The Critical Importance of the Horse’s Stifle and Hock in Movement

The hind limb reciprocating system coordinates motion and economizes the required effort

Fourth in a Series

In this series, Dr. Deb Bennett examines the equine hind limb. In this installment, Bennett explores the coordinated flexion and extension of the stifle and hock.

Farrier Takeaways

  • Coordinated flexion and extension of the stifle and hock are mandated in the horse.
  • Extension of the hock joint can occur only when the stifle is extended, and vice versa.
  • No normal horse ever takes a single step with its hind legs without also moving the joints of its back.

Probably the most famous anatomical demonstration that students of equine anatomy regularly see in the dissecting room — and certainly one of the most spectacular and interesting — is the coordinated opening and closing of the central joints of the hind limb, the “classic” hind limb reciprocation.

Coordinated flexion and extension of the stifle and hock are mandated in the horse (and its nearest relatives the zebras, onagers and asses) by a set of tensionally co-adjusted “bands” that parallel the tibia, forming a jointed parallelogram1 in which, if the stifle joint is opened the hock joint must also open and vice-versa (Figures 1 and 2).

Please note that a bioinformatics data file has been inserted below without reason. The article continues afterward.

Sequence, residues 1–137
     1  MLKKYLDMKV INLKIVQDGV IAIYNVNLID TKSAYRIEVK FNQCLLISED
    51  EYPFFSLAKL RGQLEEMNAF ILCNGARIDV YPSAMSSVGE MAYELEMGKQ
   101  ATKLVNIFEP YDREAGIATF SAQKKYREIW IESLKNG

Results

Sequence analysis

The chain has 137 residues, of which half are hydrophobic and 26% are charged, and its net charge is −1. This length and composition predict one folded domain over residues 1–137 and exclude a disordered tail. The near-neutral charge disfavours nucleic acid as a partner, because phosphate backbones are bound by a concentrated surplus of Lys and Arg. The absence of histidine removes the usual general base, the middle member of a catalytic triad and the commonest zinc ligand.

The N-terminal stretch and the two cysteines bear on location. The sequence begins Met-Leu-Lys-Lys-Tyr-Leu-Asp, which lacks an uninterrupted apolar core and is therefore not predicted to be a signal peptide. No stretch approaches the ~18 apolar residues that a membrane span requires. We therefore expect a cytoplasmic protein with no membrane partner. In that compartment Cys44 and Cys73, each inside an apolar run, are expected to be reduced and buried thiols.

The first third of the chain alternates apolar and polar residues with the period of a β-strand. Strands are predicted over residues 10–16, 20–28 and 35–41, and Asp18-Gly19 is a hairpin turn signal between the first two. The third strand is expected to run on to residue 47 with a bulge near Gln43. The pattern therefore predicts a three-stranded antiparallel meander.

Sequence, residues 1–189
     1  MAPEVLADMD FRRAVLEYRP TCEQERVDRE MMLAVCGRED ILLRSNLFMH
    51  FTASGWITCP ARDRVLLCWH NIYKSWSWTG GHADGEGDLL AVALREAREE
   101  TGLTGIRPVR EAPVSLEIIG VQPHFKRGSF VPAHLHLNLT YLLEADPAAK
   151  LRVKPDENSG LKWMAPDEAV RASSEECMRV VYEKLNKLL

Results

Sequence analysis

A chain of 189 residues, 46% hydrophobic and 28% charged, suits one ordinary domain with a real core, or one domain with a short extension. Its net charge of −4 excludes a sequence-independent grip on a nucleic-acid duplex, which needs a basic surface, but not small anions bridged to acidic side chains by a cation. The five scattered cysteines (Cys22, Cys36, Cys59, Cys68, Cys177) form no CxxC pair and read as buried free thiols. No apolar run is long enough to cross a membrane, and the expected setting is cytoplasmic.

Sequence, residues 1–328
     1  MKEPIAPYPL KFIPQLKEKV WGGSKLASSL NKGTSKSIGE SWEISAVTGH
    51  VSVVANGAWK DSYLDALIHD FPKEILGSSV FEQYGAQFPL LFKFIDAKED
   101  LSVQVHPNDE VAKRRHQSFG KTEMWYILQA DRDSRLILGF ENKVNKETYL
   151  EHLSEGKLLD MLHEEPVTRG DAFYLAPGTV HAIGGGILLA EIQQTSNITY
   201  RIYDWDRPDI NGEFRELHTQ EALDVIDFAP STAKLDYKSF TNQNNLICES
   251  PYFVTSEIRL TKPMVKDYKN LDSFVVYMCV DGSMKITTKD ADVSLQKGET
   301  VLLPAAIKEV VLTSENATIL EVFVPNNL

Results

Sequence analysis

The bands are formed by yellow ligaments and by muscles with tendinous cores that have long tendons of insertion. They originate on the femur but insert primarily on the hind cannon bone and calcaneum. They are elastic and thus store energy when, and to the degree that, they are stretched. Thus, not only does the hind limb reciprocating system foster precise…

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Dr deb bennett

Deb Bennett

Dr. Deb Bennett has studied classification, evolution, anatomy and biomechanics of the horse. She worked at the Smithsonian Institution, until founding the Equine Studies Institute. She is an author who has published four books on horse-related topics, in addition to articles in most major equine magazines in North America.

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